Many websites have two points of entry for each individual page – one with www and one without. It means that if other websites link to yours, they might link to the same page using two different addresses. If you make sure that all incoming links point to the same address, you also make sure that various page ranking algorithms of the different search engines give the page full credit for each incoming link.
Add this script tag to the header of your web pages. This is the solution I have implemented here on this blog, because I cannot use the server-side approach.
var regex = new RegExp("(http|https)://www\.");
var url = location.href;
url = url.replace(regex, location.protocol + "//");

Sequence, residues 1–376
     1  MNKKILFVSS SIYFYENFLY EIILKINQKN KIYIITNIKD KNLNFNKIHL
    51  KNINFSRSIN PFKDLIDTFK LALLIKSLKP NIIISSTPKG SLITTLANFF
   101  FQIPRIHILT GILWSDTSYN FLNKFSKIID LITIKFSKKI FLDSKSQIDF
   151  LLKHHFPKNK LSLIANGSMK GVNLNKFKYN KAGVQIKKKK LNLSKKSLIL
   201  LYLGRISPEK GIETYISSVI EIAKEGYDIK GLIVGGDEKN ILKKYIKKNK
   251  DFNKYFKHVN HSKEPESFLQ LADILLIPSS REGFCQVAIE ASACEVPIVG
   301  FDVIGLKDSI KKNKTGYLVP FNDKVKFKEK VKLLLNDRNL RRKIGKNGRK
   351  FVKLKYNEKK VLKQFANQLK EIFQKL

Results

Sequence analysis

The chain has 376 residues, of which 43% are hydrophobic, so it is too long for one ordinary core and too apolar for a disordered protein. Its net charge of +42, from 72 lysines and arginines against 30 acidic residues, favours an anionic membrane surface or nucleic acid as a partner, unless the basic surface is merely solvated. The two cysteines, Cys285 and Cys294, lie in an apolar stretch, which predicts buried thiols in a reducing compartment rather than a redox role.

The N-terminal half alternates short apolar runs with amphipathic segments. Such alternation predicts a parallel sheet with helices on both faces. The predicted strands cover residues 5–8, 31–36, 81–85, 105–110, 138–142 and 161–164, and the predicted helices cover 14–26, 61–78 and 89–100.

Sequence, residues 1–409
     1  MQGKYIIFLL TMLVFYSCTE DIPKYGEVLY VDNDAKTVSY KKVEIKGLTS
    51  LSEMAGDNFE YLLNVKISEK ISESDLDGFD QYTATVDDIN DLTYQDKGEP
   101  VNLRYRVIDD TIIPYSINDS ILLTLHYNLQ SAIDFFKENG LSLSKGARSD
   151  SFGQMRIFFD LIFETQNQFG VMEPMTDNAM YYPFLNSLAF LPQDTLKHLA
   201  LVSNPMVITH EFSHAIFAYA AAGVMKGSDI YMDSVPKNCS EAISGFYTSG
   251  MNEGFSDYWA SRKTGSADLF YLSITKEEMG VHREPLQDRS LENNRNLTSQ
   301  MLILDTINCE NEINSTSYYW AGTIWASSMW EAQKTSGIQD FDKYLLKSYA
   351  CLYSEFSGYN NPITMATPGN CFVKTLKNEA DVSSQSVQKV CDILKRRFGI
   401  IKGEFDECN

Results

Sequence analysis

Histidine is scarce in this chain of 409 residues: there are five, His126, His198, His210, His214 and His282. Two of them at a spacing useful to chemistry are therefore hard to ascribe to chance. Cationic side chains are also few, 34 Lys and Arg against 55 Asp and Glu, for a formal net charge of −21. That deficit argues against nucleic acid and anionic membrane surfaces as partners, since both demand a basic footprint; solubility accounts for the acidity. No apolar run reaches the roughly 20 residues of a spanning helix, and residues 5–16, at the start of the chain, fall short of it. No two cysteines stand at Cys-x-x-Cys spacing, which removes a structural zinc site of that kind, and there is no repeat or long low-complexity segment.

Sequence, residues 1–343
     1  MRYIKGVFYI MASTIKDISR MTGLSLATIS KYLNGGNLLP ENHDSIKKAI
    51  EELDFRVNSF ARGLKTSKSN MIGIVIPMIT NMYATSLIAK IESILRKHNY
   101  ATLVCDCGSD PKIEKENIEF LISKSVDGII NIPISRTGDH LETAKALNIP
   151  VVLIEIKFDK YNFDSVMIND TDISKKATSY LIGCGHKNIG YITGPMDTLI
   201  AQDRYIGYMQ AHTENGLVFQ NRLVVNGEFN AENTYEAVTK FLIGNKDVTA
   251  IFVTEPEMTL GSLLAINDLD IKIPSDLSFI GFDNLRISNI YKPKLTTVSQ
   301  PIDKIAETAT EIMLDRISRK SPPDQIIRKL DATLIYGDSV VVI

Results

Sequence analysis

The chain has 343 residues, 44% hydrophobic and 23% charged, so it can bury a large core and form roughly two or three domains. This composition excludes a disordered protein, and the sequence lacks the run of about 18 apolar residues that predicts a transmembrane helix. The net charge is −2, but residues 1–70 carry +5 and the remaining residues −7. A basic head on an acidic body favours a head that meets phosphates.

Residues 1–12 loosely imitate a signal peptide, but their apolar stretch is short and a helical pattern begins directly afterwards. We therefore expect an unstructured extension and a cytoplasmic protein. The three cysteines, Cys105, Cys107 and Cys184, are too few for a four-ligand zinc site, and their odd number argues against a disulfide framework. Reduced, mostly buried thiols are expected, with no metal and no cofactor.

The reason why I can’t use the server-side approach is because dasBlog is a .NET 1.1 project and I haven’t got Visual Studio 2003 installed on my machine. In with the new, out with the old and face the consequences.
The server-side version uses an HttpModule to filter the incoming requests and redirects them to the URL without “www”. I’ve modified a little upon the excellent HttpModule of Keyvan Nayyeri.
private static Regex _Regex = new Regex("(http|https)://www\\.", RegexOptions.IgnoreCase | RegexOptions.Compiled);
private void context_BeginRequest(object sender, EventArgs e)
HttpContext context = (sender as HttpApplication).Context;
if (context.Request.PhysicalPath.EndsWith(".aspx", StringComparison.OrdinalIgnoreCase))
string url = context.Request.RawUrl;
url = _Regex.Replace(url, "$1://");
For discussions about the use of 302 vs. 301 redirections, please see the comments on Keyvan’s post for details and make your own decision.
Download the RemoveWwwModule.cs below and put it the App_Code folder in the root of your website. Then add the following lines to the web.config’s <system.web> section:
<add type="RemoveWwwModule" name="RemoveWwwModule"/>